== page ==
New report from Ruffalo Noel Levitz identifies barriers to success for college freshmen

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2018 National Freshman Motivation to Complete College Report details results from a study of 93,000 college freshmen

Freshmen want to finish college. So why don’t more of them graduate?

A new study from Ruffalo Noel Levitz, the leading provider of higher education enrollment, student success, and fundraising services, looks beyond standardized test scores and high school transcripts to explore a wider range of factors that influence completion. This study analyzes nationwide data from 93,000 college freshmen to examine their motivations, attitudes, preparations, family, and financial factors that could impact their ability to succeed and graduate.

Key findings include:

  • Nearly 70 percent of incoming college freshmen want help with exams and study skills; half want help improving math and writing skills.
  • Nearly 30 percent of freshmen and 40 percent of first-generation students say they have financial troubles that are distracting.
  • Two-thirds want to talk with someone about career qualifications, while more than 50 percent want help selecting an occupation suited to their interests.
  • Sizeable numbers of students who request help at the beginning of the year report that they did not receive assistance in the areas they requested by mid-year.

“This study shows that today’s college freshmen are both eager and challenged,” said Mari Normyle, assistant vice president for retention solutions at Ruffalo Noel Levitz. “Nearly 100 percent of freshmen say they are committed to receiving a degree no matter what. Yet as they report here, many have critical needs for assistance that need to be met early, before the student decides to leave.”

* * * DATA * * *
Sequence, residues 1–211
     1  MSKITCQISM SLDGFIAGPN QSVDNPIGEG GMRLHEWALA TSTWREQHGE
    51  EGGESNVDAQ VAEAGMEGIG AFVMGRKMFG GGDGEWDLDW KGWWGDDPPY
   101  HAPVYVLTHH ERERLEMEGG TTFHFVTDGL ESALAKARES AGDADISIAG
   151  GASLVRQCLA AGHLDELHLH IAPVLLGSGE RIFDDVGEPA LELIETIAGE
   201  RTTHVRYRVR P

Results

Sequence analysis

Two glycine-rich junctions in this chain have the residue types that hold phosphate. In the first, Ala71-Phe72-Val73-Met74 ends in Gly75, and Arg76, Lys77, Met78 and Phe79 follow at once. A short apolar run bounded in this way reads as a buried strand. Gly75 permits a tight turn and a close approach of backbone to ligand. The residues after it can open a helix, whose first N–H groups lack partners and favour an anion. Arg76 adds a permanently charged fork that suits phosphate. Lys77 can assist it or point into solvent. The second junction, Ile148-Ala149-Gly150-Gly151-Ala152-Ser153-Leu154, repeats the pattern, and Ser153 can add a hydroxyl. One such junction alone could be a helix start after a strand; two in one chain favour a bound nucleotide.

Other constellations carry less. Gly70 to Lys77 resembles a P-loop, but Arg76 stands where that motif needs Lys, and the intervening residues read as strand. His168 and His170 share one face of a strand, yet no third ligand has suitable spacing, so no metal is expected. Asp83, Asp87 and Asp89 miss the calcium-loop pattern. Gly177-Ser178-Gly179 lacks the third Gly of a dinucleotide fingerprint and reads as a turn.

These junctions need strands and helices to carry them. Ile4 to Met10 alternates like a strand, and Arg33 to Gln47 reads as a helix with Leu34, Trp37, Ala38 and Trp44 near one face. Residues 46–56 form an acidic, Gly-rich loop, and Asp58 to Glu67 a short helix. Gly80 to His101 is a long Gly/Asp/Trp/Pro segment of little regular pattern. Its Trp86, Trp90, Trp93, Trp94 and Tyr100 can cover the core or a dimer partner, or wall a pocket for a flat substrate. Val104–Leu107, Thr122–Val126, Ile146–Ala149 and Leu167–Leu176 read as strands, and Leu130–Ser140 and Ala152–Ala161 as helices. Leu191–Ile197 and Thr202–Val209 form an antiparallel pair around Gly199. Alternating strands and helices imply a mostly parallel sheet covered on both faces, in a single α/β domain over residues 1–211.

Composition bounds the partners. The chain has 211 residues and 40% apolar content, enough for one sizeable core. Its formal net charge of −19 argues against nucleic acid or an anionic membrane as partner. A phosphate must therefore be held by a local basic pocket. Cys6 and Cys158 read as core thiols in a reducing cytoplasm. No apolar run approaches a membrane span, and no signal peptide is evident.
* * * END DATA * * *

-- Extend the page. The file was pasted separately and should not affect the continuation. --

The report covers complete responses on more than 80 items related to student attitudes, preparation, finances, and many other critical areas that can influence student success and institutional outcomes. These data provide many campuses with actionable insights for student success planning in addition to prioritizing individual student interventions. The 2018 report also breaks down the findings by first-generation status and ethnicity to help campuses see how they need to adapt their strategies to reach different student populations who have changing needs and expectations.

Normyle also notes that the findings have implications for college student recruitment as well. “With the growing emphasis on ‘fit’ and value of an education, understanding the motivations and mindset of incoming freshmen provides enrollment managers with valuable information to support their efforts in recruiting students with graduation in mind.”

For a copy of the report, visit

About Ruffalo Noel Levitz

Ruffalo Noel Levitz is the leading provider of higher education enrollment, student success, and fundraising solutions. The firm serves more than 1,900 colleges and universities through data-driven solutions focused on the entire lifecycle of enrollment and fundraising, assuring students find the right program, graduate on time, secure their first job in their chosen field, and give back to support the next generation. With a deep knowledge of the industry, Ruffalo Noel Levitz provides institutions the ability to scale their efforts by tapping into a community of support and resources. Visit to learn more.

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Caryn Stein
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